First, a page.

I soon realized that a mother is another name for unskilled laborer who must perform as a professional instantaneously without training or expertise. You are the doctor at 3 a.m. when your little boy is running a 104º temperature. You are the psychologist when your preteen daughter says, “Mom, nobody likes me.” You are the spontaneous caterer and chef at a homecoming dinner of 14 guests. You play the role of the school counselor in helping your high school children figure out their schedules. You are the pro baseball player to your little leaguer and an expert on music to your child just beginning piano. You are a financial wizard. You must make a dollar stretch and stretch without going broke. You are the gardener, the plumber, the carpenter and the mechanic. You even become the expert teacher when the new math seems like a foreign language.
A mother wears so many hats she could be a stand-in for Bartholomew in Dr. Seuss’s, The 500 Hats of Bartholomew Cubbins, a book popular when I was a child.
When you are a mother, the rewards seem rare and are often slow in coming. Sometimes you wait years to see the fruits of your labor. You struggle year after year to instill moral principles and a strong work ethic in your children and wonder if they will ever understand the importance. Year after year, they look at you with raised eyebrows and say, “Mom, that’s so dumb. Nobody else has to do that. Why do we have to?”
Finally, one day you get a letter in the mail from a college student that says, “Mom, I’m so glad you taught me all the things you did.” Then you hear a daughter stand up in a meeting of her peers and talk about morality. She quotes you and thinks the words are her very own. Your son is chosen by his company as a model employee and is chosen to represent the company.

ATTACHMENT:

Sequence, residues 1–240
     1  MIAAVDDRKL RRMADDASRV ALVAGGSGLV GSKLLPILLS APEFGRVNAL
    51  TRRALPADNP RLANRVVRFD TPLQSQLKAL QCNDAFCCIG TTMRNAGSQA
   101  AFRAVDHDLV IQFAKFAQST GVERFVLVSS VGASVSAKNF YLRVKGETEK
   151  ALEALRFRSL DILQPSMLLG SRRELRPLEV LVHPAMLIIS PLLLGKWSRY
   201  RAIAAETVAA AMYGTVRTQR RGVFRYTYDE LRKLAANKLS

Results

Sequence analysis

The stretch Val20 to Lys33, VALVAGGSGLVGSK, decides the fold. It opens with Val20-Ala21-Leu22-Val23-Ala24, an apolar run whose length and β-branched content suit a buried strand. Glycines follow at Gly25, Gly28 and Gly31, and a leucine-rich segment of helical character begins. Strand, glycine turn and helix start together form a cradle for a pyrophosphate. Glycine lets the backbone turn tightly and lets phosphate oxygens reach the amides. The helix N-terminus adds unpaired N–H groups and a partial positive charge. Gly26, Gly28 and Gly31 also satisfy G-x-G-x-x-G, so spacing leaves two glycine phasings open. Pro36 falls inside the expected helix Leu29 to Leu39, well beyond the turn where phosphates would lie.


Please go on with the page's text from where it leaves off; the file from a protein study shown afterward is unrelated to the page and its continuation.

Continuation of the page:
The best reward of all is to see your children with their own children struggling to teach them the values you put into their minds. You see their frustration and smile knowing that someday it will be all right. Those are the true rewards of motherhood. Now as a grandmother, you see married grandchildren snuggle their infants and know that they will follow your footsteps.
That reminds me of a story my mother told me when I was a child. When my mother was a child, she doted on her grandmother. She wanted to be with her and followed her everywhere. If she was tagging behind, she would try to put her feet in the steps of her grandmother.
Years later, when her grandmother passed away, my mother was gardening at the old ranch where she used to garden with her grandmother as a child. She walked along in the newly plowed earth. She noticed some tracks between the rows she had just made. She stopped and stared at them. Her heart began to pound. Those were Grandmother’s tracks. Same indent, same twist of the foot, same distance between tracks. Her grandmother had been dead for years, but those were her tracks. Where did they come from? Mom studied the tracks for a long time before she realized they were her own tracks. She had spent so much time walking in her grandmother’s footprints as a child that she walked just like her in later years.
In my mountaintop view of life, I have seen my mother’s tracks in my life and have seen her visage in my face. Sometimes when I look in the mirror, I see her standing there – only to realize it is me.
What a wonderful blessing it is to be a mother, even with all the frustrations and heartache that come with daily living. It is only after you have walked the path a mother has walked, cried her tears, smiled at her triumphs and reaped her rewards that you can genuinely appreciate what it means to be a mother.
Yevet Crandell Tenney is a Christian columnist who loves American values and traditions. She writes about faith, family and freedom.